Some stores are making it clear that customers must mask up to enter.
At Mohan’s Wines and Liquor in Queensbury, four yellow handwritten signs say: “No mask, stay out, period! No excuses.”
Customers there can call for curbside pickup instead.
Then there’s the nearby Walmart on Route 9 in Queensbury, where at least one masked employee is stationed at every entrance, but they can’t close the door on unmasked customers.
Instead, they loudly thank those who wear masks and ask others politely to mask up.
“I say, ‘Masks are required. Please wear a mask,’” said security worker Brian Smith.
But people give him excuses.
“‘I have asthma,’ many times I hear that. I have to be very polite,” he said.
Asthma can be no joking matter.
Pember Museum educator Bernadette Hoffman has asthma that is triggered by some of the heavy-duty cleaners used to eliminate coronavirus. She has taken to wearing a clear plastic shield that covers her entire face, rather than a mask.
Recently, she had an asthma attack at a grocery store.
“I was coughing and everyone was looking at me, you know, they assume you have it,” she said. “I got out my inhaler, but it was jammed, and with that mask on I couldn’t breathe. I was crying and coughing.”
At the Granville museum, which is reopening on July 14, Hoffman will allow face shields instead of masks because she is so aware of how hard it is to breathe through a mask with asthma.
Other people object to masks because they are uncomfortable.
“It’s very hard. With the heat, it’s a lot harder,” said Angel Banguibler of Queensbury, who wore a mask into Walmart but pulled it under her nose.
She added that she wants to follow safety precautions, but she’s not sure what to do. Her daughter, 25, caught coronavirus at work at a hospital in Boston.
“She was wearing a mask,” Banguibler said.
But she also doesn’t take the virus lightly. Her daughter got sick three months ago and is still recovering.
In New York state, coronavirus cases continued to go up after the state shut down. But 18 days after officials began saying masks could reduce the spread, the number of new cases every day began to decline. Officials now think masks prevent people from spreading the virus in the contagious period before they begin to have symptoms. But masks only protect others, not the wearer, and only work if people wear them before they feel sick. They have not been widely accepted in the United States.
Workers at stores said that, generally, if they asked a customer to wear a mask, the customer complied. But some workers said they felt uncomfortable about asking.
At Stewart’s, where clerks are not allowed to speak to the media, a Glens Falls area worker on Wednesday said she is not getting support from management to enforce the mask requirement. Indeed, her manager did not speak up as a customer entered without a mask, shopped, stood in line and bought items.
“Stewart’s is not enforcing it. We can only request,” said the worker, who asked to be anonymous so that she would not lose her job.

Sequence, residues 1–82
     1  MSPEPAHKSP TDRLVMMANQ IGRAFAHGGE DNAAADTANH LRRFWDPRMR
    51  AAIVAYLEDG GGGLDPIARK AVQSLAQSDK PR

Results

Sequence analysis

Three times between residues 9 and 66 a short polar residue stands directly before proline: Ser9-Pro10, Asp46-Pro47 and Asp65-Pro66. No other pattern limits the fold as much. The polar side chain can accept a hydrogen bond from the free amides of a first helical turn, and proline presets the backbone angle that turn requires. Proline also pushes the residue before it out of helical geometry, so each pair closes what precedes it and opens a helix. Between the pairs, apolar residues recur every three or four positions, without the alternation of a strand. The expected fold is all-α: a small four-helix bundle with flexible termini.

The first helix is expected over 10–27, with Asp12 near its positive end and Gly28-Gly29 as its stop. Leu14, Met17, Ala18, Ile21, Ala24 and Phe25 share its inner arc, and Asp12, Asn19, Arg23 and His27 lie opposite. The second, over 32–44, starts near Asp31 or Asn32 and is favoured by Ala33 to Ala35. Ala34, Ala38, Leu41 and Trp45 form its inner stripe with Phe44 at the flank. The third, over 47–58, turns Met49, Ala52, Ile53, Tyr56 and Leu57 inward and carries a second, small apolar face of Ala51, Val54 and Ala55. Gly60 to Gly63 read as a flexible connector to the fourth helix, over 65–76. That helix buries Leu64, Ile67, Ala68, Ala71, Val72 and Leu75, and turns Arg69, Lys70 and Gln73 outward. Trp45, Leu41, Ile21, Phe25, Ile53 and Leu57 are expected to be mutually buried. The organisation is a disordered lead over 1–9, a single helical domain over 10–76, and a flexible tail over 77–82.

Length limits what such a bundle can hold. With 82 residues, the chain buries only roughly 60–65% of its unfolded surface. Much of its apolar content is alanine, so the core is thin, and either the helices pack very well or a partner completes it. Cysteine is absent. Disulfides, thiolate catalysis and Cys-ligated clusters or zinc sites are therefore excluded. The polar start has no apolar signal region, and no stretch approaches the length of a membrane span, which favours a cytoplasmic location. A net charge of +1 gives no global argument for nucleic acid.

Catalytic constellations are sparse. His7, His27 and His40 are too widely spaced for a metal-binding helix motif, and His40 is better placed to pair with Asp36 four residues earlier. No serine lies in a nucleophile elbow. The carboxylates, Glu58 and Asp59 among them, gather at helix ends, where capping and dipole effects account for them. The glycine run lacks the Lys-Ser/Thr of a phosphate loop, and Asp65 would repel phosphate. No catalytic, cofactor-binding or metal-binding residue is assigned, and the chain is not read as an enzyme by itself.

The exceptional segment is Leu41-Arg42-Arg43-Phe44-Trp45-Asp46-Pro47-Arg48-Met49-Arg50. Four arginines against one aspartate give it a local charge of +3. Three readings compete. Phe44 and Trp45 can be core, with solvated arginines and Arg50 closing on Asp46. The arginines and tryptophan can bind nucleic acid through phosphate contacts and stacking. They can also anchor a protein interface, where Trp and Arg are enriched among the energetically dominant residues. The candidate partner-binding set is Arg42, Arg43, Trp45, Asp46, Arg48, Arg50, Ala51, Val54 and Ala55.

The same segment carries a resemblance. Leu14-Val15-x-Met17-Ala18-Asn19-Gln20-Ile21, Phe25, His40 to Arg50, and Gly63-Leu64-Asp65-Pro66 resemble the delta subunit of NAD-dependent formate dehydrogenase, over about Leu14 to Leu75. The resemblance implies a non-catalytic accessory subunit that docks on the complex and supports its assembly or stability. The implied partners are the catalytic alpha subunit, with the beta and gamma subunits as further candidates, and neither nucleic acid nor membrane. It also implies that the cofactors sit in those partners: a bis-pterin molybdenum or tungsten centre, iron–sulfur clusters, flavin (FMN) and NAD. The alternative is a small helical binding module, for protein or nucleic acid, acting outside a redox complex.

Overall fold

Most of the time, she simply makes eye contact with customers as they enter without a mask.
“They look at me and turn around and go back to the car to get their mask,” she said.
A Stewart’s spokeswoman said every employee had been given a script on how to “remind” customers to wear masks, but she said the concern was that customers would attack the employee for daring to raise the topic.
“We scripted it to keep these conversations from turning,” spokeswoman Erica Komoroske said, citing an incident in Schenectady in which two customers got into a fight over one of them not wearing a mask. She also noted a bus driver in France was attacked after insisting a passenger wear a mask.
“This has happened,” she said. “We wish everyone would wear a mask in our shops. It is very easy to wear a facial covering for a few minutes.”
The Stewart’s televisions and gas pumps repeatedly ask customers to wear masks, she noted.
At independent businesses, workers are much more forthright about the rules.
Fountain Square Outfitters in Glens Falls requires masks, and has hand sanitizer and masks by the door.
“We will offer them one upfront at the door,” said associate Andrew Petrie. “If they don’t want to put one on, we ask them to return later.”
So far, everyone he has asked has put one on, he said.
Likewise, at Steve’s Place, a restaurant in Glens Falls, the owner has no hesitation about approaching people who walk in without a mask. She needs them to wear masks to protect her staff, owner Christine Vamvalis-Haley said.
“We have had a few people try” to enter without a mask, she said. “There are those people who don’t want to. I just tell them you have to have a mask to come in. You can take it off when you sit down.”
They tend to comply, then, putting the mask back on to go to the bathroom or check out.
“Everybody’s been very good,” she said.
She noted that even those who didn’t want to wear a mask seemed ready to follow the rule.
“They have it in their pocket,” she said.
A customer who ignored the rule at Stewart’s said he was ready to put it on if anyone said it was required.
“I do have a mask. I wear it in some stores. I wear it when I have to,” said Gary Baker of Glens Falls.
But no one asked him to mask up at Stewart’s, so he didn’t put it on. He’s not worried about the virus.
“If it happens, it happens. If it don’t, it don’t,” he said. “Nothing to do about it.”
Others said that they wear a mask in public to protect others.
“I don’t want to give you anything,” said Rick St. John of Glens Falls, who wore a mask on a trip to a CVS in Queensbury. “I think it’s a courtesy.”
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